|Species: Black-headed Grosbeak
In many areas of
western North America, the melodious song of the Black-headed
Grosbeak is a familiar harbinger of spring. Adult males have a
flashy black, white, and cinnamon plumage; females are relatively
drab buff and brown. Despite their showyplumage, males share about
equally with females in incubating and feeding young.
One interesting feature of the Black-headed Grosbeak is that males
do not attain definitive nuptial plumage until their second breeding
season and vary in appearance from female-like to adult-male-like in
their first potential breeding season. Only yearling males that most
closely resemble adult males are able to defend a territory and
attempt to breed.
This species breeds from subalpine forests to desert riparian zones
throughout western North America from southwestern Canada to
Medium sized cardinal finch. Stocky with a large head and very large
Length 17-20 cm. Weight 45g.
Black head, large pale bill, rusty orange collar, breast, sides and
rump; yellow belly and wing linings. Bold white wing bars on black
wing. In flight, shows white patches on wings and yellow “armpits”.
Brown head with buffy to white crown and eye-stripe, a pale chin,
brown wings and tail with indistinct buffy spots, and heavily
streaked body plumage that is dull cinnamon to buff with variable
amounts of yellow. Yellow “armpits”.
Generally resemble adult females, but males are brighter on average
Adult males are distinct from all other species. Females and
especially juveniles are sometimes confused with Rose-breasted
Grosbeaks, but females of that species are more coarsely streaked,
and their breast, eye-stripe, and crown stripes tend toward white,
generally lacking the buffy to yellow cast characteristic of female
Black-headed Grosbeaks. Difference in colour of wing lining-lemon
yellow in female Black-headed Grosbeak and saffron yellow in female
Rose-breasted Grosbeak-is diagnostic.
Flight is slightly undulation with rapid wing beats except for
flight displays given in spring.
Song is delivered from a high perch and occasionally in flight.
Forages in the foliage of trees, eating pine and other seeds, wild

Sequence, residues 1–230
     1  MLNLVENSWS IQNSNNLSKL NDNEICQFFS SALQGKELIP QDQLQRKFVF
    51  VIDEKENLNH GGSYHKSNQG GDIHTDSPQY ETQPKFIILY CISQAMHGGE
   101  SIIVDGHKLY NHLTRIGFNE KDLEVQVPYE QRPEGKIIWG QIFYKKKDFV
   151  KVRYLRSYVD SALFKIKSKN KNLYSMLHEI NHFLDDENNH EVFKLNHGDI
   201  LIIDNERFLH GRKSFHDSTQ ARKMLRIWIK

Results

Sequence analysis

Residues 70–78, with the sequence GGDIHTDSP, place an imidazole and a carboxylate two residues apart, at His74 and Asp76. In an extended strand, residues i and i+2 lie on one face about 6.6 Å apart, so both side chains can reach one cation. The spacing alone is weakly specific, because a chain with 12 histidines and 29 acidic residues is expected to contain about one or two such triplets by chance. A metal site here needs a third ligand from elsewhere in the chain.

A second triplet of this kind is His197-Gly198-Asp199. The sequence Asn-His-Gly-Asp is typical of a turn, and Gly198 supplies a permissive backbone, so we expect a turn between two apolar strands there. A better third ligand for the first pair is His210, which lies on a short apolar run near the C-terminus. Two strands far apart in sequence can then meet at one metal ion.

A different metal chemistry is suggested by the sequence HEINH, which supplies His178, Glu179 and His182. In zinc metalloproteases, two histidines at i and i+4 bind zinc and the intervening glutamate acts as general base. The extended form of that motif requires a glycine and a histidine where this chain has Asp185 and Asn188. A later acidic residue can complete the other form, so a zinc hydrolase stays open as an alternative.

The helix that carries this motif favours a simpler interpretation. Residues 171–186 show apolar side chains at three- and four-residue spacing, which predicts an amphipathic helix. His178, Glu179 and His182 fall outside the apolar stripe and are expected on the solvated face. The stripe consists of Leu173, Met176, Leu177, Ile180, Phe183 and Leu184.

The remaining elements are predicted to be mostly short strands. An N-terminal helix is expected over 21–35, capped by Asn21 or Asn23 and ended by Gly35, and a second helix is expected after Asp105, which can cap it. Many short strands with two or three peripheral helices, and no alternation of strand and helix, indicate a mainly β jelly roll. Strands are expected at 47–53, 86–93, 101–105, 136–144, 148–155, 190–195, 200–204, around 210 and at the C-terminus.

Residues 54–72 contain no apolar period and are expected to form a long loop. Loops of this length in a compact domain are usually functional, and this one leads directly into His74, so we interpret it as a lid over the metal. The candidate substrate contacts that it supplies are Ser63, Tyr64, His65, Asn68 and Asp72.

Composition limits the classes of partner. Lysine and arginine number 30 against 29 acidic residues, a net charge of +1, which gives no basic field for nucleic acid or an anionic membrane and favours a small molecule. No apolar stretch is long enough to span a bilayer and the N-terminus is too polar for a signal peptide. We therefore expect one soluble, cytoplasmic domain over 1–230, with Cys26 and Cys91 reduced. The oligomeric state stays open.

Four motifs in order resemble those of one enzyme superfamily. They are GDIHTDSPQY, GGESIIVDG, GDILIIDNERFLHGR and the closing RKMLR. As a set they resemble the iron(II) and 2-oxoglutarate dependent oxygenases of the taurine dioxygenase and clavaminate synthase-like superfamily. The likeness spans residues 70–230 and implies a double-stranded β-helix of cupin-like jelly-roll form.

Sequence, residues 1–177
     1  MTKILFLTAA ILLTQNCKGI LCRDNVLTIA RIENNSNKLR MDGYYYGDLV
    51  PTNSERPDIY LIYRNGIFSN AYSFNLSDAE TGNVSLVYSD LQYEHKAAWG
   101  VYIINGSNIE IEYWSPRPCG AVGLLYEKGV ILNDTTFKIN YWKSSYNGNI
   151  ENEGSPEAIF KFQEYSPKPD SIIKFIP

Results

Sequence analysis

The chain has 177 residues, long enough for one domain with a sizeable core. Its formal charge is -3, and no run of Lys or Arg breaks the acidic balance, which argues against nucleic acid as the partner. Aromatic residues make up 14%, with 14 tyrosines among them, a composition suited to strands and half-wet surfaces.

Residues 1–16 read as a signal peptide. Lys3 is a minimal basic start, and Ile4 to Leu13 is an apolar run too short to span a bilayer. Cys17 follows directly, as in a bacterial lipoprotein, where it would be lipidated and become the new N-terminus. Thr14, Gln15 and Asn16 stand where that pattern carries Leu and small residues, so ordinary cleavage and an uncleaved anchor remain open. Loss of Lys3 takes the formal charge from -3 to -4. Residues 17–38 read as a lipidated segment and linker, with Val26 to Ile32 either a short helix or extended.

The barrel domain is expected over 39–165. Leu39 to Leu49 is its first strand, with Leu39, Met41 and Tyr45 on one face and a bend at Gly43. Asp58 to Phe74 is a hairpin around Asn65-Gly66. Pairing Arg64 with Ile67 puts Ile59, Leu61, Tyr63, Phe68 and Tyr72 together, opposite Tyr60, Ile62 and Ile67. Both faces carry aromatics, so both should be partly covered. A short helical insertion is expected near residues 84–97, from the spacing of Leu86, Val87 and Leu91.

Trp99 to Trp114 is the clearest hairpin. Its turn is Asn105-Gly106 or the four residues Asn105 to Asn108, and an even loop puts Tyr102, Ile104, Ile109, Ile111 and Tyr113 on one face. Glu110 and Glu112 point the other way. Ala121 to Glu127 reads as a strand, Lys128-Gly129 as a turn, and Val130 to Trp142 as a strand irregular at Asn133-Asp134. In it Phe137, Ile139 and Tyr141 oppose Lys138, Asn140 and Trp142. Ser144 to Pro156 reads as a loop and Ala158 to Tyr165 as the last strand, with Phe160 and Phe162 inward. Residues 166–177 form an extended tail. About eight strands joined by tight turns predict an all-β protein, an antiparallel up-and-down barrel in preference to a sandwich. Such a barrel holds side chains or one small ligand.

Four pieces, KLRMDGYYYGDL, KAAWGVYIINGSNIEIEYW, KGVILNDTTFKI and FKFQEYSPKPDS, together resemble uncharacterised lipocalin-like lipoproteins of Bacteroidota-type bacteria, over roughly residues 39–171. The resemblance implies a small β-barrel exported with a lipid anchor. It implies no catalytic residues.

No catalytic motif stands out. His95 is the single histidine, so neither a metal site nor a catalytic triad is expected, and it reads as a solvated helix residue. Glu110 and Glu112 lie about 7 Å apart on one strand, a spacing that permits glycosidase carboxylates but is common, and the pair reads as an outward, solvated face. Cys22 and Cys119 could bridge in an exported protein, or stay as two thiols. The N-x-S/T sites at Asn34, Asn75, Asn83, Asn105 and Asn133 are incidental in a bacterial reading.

berries, insects and spiders. Comes to bird feeders for sunflower
seed, other types of seed, and fruit.
Common in open woodlands, forest edges, woods along rivers, edges of
second-growth mixed forests, mountain forest edges: orchards and
Relatively tolerant of human disturbance, it breeds in yards and
gardens if adequate cover for nesting and feeding is available.
Grosbeak hybridizes with its eastern counterpart, the Rose-breasted
Grosbeak, along their mutual boundary. This situation arose when the
treeless prairies, which once formed a barrier between the two
species, became dotted with towns and homesteads, providing suitable
habitats for both species. The Black-headed Grosbeak is a rather
still and secretive bird throughout the summer.
The nest is made of twigs, rootlets, flower heads, and stems lined
with stems and rootlets, placed in the fork of a tree or shrub
4-25ft above the ground. 2-5 blue-white or green-white with brown
Population is large
and relatively stable. On breeding rounds Black-headed Grosbeaks
benefit from some human activity. Irrigation of arid regions,
planting of orchards, creation of openings in dense forest improve
habitat for grosbeaks. However, much habitat has been lost to
urbanization. It is difficult to assess the net affect of human
activities on breeding grounds on population.
Black-headed Grosbeaks utilize diverse habitats and are
plentiful during the breeding season at Colony Farms. Males
arrive shortly before females in late spring and numbers
increase, peaking in August corresponding to juvenile
dispersal as is reflected by the capture rates (2010-2012;
standardized as birds captured per 100 net hours) from May -
September. Grosbeaks are medium distance migrants, moving
southward to central Mexico for the winter as seen by our
zero capture rate between October - April.